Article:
Research indicates that trenbolone is implanted in the ears of more than 20 million cattle in the United States. The drug is eventually excreted by livestock and makes its way into waterways, mainly through runoff.

"We're finding a chemical that is broadly utilized, to behave in a way that is different from all our existing regulatory and risk-assessment paradigms," study corresponding author David Cwiertny, an assistant professor in engineering at the University of Iowa, said in a university news release.

"What our work hopefully will do is help us better understand and assess the environmental fate of emerging contaminant classes. There are a variety of bioactive pharmaceuticals and personal-care products that we know are present in trace amounts in our water supply. We should use what we're learning about trenbolone to more closely scrutinize the fate and better mitigate the impact of these products in the environment," he explained.

The researchers also found similar results for dienogest, a hormone used in a birth control pill called Natazia, and for dienedone, a banned anabolic steroid that had been sold as a body-building supplement.

More information

The U.S. National Institute on Drug Abuse has more about anabolic steroids.

Copyright © 2013 HealthDay. All rights reserved.

*DISCLAIMER*: The information contained in or provided through this site section is intended for general consumer understanding and education only and is not intended to be and is not a substitute for professional advice. Use of this site section and any information contained on or provided through this site section is at your own risk and any information contained on or provided through this site section is provided on an "as is" basis without any representations or warranties.
  • Around the WebMore>>

  • GM boosting China production capacity to 5 million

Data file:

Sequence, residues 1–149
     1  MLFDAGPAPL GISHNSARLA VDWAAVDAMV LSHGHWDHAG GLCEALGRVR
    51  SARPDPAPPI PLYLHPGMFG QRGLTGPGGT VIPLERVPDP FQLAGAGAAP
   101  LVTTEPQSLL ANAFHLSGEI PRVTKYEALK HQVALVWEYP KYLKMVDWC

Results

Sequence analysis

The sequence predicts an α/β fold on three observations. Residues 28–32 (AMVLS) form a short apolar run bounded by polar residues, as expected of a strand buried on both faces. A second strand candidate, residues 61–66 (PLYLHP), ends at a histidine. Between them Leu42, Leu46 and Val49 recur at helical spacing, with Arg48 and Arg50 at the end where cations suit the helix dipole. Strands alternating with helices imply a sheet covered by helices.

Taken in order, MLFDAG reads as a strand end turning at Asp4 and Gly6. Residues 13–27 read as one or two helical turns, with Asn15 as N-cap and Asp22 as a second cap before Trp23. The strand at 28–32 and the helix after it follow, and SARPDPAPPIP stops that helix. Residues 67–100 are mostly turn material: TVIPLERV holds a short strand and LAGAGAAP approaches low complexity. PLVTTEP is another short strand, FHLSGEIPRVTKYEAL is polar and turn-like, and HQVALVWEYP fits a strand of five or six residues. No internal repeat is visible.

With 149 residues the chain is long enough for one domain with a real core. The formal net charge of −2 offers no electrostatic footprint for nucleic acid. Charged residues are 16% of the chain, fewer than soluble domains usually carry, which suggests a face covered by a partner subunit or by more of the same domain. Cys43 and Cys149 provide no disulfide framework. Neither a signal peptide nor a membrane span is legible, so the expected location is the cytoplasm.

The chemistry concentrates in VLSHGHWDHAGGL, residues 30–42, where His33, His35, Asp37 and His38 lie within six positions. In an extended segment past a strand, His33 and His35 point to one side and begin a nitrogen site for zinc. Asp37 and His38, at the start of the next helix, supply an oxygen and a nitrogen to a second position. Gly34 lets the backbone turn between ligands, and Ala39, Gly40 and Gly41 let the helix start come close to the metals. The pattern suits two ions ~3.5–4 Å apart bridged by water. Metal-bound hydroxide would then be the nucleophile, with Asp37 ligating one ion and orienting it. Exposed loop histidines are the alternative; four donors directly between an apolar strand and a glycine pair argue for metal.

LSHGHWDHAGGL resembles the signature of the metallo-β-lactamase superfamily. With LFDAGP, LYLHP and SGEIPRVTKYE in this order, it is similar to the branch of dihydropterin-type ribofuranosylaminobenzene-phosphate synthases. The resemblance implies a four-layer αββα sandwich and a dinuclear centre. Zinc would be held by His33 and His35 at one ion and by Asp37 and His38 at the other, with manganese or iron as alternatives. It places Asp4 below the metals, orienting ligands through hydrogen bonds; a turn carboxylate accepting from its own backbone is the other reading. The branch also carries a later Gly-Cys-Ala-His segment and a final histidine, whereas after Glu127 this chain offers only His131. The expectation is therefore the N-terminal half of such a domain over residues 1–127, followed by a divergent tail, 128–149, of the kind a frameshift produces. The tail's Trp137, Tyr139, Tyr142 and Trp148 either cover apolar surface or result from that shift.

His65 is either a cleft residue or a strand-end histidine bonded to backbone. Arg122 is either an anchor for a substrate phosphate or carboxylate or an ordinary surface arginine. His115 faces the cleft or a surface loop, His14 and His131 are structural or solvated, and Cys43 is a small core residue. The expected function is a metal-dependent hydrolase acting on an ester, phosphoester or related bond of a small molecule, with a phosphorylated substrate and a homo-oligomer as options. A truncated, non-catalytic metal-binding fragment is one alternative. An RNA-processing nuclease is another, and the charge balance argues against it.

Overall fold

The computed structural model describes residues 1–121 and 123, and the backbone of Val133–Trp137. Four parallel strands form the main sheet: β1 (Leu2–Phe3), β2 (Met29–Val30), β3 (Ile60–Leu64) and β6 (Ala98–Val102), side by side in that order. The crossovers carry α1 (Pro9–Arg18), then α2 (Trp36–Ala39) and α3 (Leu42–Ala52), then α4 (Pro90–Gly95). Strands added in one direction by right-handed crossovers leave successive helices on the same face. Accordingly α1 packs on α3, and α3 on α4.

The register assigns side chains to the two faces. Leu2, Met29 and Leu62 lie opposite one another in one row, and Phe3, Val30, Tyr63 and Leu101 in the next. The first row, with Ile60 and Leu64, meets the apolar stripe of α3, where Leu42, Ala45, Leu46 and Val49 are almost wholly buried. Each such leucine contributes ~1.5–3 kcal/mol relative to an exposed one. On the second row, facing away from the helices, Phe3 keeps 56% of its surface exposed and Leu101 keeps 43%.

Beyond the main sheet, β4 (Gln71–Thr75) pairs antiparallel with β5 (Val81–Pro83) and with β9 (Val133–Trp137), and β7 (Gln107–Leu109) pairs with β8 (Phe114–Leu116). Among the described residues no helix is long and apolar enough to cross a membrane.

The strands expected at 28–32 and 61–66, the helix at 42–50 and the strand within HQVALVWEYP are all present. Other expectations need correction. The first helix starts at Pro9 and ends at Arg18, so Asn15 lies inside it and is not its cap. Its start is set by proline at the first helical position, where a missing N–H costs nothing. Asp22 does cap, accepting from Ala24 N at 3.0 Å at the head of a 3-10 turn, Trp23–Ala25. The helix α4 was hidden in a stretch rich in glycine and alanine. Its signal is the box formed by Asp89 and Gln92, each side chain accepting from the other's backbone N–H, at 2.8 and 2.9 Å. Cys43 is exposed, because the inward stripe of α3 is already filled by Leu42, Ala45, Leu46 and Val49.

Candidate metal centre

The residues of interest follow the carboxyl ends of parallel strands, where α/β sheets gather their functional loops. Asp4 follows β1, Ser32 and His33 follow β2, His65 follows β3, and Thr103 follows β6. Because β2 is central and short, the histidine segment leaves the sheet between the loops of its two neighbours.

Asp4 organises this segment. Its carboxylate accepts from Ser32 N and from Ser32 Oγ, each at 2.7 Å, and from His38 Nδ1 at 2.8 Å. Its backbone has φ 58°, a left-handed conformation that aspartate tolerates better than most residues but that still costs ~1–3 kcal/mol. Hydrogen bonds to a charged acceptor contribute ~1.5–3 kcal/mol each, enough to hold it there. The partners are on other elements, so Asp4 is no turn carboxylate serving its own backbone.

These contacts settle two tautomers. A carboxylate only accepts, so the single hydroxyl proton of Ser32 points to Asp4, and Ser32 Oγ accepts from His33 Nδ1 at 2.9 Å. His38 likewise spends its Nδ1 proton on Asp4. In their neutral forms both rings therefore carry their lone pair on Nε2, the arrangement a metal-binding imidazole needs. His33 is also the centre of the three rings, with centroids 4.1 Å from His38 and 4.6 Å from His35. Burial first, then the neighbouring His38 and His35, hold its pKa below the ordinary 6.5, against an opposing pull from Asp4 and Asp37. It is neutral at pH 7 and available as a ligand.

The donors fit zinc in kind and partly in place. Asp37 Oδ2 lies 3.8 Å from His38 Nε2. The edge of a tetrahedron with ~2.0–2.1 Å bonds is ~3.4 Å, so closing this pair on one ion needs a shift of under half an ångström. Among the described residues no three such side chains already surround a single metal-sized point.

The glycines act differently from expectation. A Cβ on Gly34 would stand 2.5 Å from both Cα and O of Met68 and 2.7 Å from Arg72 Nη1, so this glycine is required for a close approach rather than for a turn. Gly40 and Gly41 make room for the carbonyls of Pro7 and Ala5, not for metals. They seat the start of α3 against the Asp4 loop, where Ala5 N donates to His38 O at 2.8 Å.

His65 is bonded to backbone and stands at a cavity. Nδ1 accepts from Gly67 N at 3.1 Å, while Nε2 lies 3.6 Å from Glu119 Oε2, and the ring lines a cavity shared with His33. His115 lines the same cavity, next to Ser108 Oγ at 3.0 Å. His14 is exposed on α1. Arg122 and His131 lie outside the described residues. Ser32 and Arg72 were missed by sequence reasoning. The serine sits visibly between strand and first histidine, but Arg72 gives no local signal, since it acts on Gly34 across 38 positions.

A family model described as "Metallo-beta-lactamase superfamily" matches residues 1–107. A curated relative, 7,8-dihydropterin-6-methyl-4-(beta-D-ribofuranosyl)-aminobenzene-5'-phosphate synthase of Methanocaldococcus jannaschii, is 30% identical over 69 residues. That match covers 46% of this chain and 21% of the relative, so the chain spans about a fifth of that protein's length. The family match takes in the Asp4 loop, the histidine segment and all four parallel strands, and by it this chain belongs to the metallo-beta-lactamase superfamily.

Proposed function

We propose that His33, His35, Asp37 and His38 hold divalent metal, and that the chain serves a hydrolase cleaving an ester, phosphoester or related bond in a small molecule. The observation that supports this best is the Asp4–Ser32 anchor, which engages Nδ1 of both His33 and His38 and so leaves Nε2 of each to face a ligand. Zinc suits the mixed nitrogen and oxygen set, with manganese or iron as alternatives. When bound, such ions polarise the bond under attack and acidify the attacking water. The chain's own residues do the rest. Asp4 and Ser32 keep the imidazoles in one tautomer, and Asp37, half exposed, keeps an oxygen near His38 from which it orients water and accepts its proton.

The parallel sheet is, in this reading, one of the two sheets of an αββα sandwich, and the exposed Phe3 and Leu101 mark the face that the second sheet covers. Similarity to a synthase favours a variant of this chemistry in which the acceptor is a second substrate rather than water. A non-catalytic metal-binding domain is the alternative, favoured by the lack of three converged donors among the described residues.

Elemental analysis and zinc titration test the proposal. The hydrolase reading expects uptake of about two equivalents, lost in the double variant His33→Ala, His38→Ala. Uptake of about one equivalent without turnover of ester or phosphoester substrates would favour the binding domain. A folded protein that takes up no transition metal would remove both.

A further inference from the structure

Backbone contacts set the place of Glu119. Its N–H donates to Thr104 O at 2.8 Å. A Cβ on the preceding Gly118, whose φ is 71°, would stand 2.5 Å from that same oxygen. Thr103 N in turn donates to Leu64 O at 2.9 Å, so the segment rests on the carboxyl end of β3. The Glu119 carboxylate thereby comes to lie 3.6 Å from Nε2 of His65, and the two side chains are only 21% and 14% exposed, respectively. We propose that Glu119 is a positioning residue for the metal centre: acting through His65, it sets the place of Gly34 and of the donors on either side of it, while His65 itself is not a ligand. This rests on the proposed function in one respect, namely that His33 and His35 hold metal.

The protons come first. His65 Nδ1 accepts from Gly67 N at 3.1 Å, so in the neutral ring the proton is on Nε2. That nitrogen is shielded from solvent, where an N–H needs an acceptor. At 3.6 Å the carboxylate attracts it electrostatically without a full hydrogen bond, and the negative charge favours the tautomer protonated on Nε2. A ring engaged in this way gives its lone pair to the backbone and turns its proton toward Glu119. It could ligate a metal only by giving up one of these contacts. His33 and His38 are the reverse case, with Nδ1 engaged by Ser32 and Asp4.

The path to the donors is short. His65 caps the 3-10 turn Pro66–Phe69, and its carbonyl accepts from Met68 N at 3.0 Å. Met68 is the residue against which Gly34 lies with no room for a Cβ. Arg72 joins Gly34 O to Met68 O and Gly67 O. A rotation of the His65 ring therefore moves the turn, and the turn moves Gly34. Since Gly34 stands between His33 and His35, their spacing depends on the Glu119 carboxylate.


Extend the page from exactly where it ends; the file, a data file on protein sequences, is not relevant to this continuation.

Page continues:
GM boosting China production capacity to 5 million

    Sunday, April 20 2014 10:52 AM EDT2014-04-20 14:52:53 GMT
    Sales of GM-brand vehicles in China should reach 5 million next year, and Cadillac sales will double to 100,000, the president of General Motors said Sunday.More >>
    The president of General Motors said Sunday that the company and local partners are boosting production capacity for GM-brand vehicles in China to 5 million.More >>
  • Ohio couple married 70 years die 15 hours apart

    Ohio couple married 70 years die 15 hours apart

    Sunday, April 20 2014 9:03 AM EDT2014-04-20 13:03:14 GMT
    NASHPORT, Ohio (AP) - An Ohio couple who held hands at breakfast every morning even after 70 years of marriage have died 15 hours apart.Helen Felumlee (FEHL'-uhm-lee) of Nashport in central Ohio died April 12. She was 92. Her husband, 91-year-old Kenneth Felumlee, died April 13.The couple's children say the two met as teenagers and had been inseparable since then.The Zanesville Times Recorder reports (http://ohne.ws/1in7erG) that the pair married Feb. 20, 1944, and raised eight children.Their...More >>
    NASHPORT, Ohio (AP) - An Ohio couple who held hands at breakfast every morning even after 70 years of marriage have died 15 hours apart.Helen Felumlee (FEHL'-uhm-lee) of Nashport in central Ohio died April 12. She was 92. Her husband, 91-year-old Kenneth Felumlee, died April 13.The couple's children say the two met as teenagers and had been inseparable since then.The Zanesville Times Recorder reports (http://ohne.ws/1in7erG) that the pair married Feb. 20, 1944, and raised eight children.Their...More >>
  • Easter Bunny train sparks New Jersey brush fires

    Easter Bunny train sparks New Jersey brush fires

    Sunday, April 20 2014 8:31 AM EDT2014-04-20 12:31:46 GMT
    POHATCONG TOWNSHIP, N.J. (AP) - A train carrying the Easter Bunny in northwestern New Jersey has ignited several small brush fires.The Express-Times newspaper in Easton, Pennsylvania, reports the fires occurred Saturday in Pohatcong Township and Phillipsburg. No major property damage is reported. A firefighter from the New Jersey state forest fire service fell and dislocated his hip.Huntington Volunteer Fire Company Chief Peter Pursell tells the newspaper the diesel en...More >>
    POHATCONG TOWNSHIP, N.J. (AP) - A train carrying the Easter Bunny in northwestern New Jersey has ignited several small brush fires.The Express-Times newspaper in Easton, Pennsylvania, reports the fires occurred Saturday in Pohatcong Township and Phillipsburg. No major property damage is reported. A firefighter from the New Jersey state forest fire service fell and dislocated his hip.Huntington Volunteer Fire Company Chief Peter Pursell tells the newspaper the diesel en...More >>
Powered by WorldNow
All content © Copyright 2000 - 2014 Worldnow and WFMJ. All Rights Reserved. For more information on this site, please read our Privacy Policy and Terms